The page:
A cute article on a 5-2 gymnast who’s now playing varsity rugby at Southern Vermont …
From tumbling to tackling
By Kenneth Norris/ Special to The Beacon
Thursday, November 9, 2006
Southern Vermont College freshman Emily Thatcher is only 5-foot-3 and 125 pounds, a perfect stature for gymnastics, the only sport she participated in during high school. But her size and delicate skills haven’t prevented her from becoming a key player on a team playing a college sport known for hard hits and mud-covered uniforms.
Thatcher is the daughter of Charlene and Bruce Thatcher, of Acton, and she graduated from Acton-Boxborough Regional High School in 2006.
Thatcher recently finished her first year as a member of the college’s varsity women’s rugby team, which struggled early but ended the year with a 3-2 record and finished their season with a 44-0 road win over Green Mountain College.
Both the Mountaineer men’s and women’s teams will continue to compete as part of the New England Rugby Football Union (NERFU) and the USA Rugby national organization. But the women’s team may soon be able to compete under NCAA auspices.
“I never played any contact sports in high school. I did some gymnastics, but no soccer or anything like that,” Thatcher said. “But I was attracted to rugby from the moment I saw it played. It was the contact part of rugby. For me, it is really a big self-esteem boost to have me – at 5-3 and 123 (pounds) – to be able to break through four or five girls who are bigger than me or to take down a girl from another team who is much bigger than I am. I cannot do some of the things that some of the girls do because of my size, but it feels good to play this game with girls who are bigger and maybe stronger than me.”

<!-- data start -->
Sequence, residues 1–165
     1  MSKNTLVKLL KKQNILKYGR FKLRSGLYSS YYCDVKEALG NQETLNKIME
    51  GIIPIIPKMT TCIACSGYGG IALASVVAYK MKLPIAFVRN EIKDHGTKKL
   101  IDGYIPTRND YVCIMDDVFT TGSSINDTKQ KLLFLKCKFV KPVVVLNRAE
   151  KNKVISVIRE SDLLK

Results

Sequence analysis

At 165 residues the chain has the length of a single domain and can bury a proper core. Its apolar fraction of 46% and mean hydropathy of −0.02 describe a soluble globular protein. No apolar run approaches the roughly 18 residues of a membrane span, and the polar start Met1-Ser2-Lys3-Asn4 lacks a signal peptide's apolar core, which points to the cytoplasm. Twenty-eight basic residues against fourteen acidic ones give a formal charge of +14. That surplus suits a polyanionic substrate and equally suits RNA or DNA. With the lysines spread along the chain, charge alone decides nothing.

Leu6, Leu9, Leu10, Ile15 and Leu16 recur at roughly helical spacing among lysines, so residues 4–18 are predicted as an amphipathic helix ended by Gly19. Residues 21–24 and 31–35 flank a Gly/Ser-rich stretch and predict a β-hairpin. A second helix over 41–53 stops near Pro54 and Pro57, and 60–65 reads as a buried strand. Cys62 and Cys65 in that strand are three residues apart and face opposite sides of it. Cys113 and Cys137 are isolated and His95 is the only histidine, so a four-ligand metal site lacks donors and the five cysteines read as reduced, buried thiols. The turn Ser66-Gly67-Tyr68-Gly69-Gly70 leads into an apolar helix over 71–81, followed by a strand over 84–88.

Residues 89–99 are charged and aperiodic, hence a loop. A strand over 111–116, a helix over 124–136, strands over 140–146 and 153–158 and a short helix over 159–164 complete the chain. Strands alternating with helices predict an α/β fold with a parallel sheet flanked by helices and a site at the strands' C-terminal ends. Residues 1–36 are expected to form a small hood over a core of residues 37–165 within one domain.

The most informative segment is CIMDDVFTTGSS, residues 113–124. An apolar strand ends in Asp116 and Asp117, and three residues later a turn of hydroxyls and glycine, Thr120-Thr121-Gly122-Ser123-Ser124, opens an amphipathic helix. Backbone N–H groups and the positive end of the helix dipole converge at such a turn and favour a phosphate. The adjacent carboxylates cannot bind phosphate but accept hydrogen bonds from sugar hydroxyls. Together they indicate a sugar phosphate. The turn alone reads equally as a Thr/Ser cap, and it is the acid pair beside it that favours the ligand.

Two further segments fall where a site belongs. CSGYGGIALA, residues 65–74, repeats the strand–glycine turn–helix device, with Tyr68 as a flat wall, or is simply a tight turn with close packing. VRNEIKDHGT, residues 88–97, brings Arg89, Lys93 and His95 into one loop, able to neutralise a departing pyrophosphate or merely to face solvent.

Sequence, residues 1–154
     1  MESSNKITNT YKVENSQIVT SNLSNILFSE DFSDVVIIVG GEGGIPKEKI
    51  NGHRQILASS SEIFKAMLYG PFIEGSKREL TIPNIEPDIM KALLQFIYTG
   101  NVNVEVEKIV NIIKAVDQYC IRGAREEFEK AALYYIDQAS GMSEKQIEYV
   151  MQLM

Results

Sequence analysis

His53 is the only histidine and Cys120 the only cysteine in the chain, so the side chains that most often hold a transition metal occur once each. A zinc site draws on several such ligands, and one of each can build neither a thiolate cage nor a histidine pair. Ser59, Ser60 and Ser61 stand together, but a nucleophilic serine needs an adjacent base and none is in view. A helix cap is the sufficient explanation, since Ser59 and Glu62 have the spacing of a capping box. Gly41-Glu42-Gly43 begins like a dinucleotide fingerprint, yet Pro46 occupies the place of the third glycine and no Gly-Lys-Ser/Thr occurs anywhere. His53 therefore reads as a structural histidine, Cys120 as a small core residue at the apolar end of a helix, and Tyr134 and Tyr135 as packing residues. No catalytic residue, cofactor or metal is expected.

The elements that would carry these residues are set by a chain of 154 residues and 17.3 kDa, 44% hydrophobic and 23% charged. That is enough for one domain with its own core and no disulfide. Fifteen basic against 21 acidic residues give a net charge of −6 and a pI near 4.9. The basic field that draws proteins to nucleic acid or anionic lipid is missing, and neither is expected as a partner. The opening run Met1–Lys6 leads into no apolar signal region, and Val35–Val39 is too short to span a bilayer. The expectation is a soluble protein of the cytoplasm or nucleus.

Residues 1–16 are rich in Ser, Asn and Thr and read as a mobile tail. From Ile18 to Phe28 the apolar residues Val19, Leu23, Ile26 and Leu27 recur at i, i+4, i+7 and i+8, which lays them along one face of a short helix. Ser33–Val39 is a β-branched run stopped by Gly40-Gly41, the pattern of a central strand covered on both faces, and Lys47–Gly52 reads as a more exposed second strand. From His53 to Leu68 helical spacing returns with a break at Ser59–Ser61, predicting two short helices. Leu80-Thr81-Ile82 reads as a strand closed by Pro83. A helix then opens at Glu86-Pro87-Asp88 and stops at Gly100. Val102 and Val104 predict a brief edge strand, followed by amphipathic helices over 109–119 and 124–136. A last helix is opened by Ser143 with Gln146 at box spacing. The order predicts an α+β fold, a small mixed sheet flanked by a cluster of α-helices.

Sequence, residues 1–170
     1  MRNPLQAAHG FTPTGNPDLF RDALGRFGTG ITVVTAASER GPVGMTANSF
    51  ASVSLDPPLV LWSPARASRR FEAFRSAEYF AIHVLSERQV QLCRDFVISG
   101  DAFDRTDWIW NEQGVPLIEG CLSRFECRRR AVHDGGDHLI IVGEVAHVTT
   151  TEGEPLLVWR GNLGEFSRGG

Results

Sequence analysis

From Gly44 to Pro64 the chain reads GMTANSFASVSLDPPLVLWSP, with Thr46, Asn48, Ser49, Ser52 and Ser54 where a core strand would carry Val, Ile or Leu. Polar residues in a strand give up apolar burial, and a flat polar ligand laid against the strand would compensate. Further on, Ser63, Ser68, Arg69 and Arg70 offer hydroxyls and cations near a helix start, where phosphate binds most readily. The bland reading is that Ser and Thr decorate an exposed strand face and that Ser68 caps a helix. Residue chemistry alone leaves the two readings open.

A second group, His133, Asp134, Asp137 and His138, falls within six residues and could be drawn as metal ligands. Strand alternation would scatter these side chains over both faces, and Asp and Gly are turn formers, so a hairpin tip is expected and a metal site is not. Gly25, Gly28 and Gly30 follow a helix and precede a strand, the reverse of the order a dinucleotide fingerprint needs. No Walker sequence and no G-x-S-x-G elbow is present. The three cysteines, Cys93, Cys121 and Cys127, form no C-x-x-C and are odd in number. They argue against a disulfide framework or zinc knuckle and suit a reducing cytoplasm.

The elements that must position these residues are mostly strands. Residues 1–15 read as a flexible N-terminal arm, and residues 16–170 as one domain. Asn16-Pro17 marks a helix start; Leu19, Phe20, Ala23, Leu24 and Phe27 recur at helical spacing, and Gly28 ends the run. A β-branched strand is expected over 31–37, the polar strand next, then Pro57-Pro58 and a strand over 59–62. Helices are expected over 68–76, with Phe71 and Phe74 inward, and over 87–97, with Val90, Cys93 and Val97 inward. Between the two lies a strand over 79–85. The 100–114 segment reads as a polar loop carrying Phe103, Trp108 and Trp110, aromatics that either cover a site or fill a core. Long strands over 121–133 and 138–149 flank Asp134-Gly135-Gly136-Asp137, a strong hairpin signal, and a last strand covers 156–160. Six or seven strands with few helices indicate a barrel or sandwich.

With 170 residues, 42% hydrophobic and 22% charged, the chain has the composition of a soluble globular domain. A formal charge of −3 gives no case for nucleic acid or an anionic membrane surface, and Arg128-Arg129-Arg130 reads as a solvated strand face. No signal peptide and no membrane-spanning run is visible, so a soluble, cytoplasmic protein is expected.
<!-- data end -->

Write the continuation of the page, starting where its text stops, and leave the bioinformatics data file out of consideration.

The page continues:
For Mountaineer head coach Jeremiah Madison, playing rugby is as much about heart and spirit as it is about size.
“Rugby is a sport for anyone – just ask any of my girls,” said Madison, who is in his first year as coach of the college’s two varsity rugby teams. “I have the hardcore, ‘want-to-fight, was-in-kickboxing’ girls, and I have the pretty, ‘figure-skating, get-their-nails-done’ girls. Rugby looks tough, but it is really addictive and no matter who you are, you give it a chance and you don’t want to quit.
And Madison is really happy to have a girl like Thatcher on his team.
“Emily wasn’t sure how she would like it but now she loves it,” Madison said. “Emily is such a blessing. She is a true team player. She is always encouraging all of the other girls and they love her for that; so do I. I wish I had a whole team that had a ‘team first’ attitude like hers.”
Thatcher agrees that the attraction of the sport is being part of a team as much as being part of the sport of rugby.
“What I liked about gymnastics was the camaraderie, and I have that same feeling here, it is just different with rugby,” Thatcher said. “In rugby you depend on your girls – it doesn’t matter where they are on the field; it forces you to trust the girl across the field. If you don’t get the tackle, you have to trust that they have your back, that they will help you out.”
While Thatcher has made the transition to college rugby, she admits that her family and friends are still a little confused.
“My parents and quite a few of my friends had the same reaction – ‘Wait, come again? Did I just here that right?’ They don’t know me as an aggressive person, and when people think of rugby they think of aggression. When you look at me you do not see me as someone who intimidates people. I am not the kind of person who hurts people.”
But she is the type of young woman, apparently, that enjoys the sport of college rugby. And she is not alone.
According to the NCAA, rugby is one of the largest and continually growing club sports in the United States, with almost 350 collegiate women’s clubs in existence. The NCAA is working with USA Rugby to help colleges start programs.
Southern Vermont College added men’s and women’s rugby to the Mountaineer varsity sports line-up starting in the 2006-07 school year. Both sports were popular club sports at the college.
For more information about Southern Vermont College rugby, visit www.svc.edu/athletics.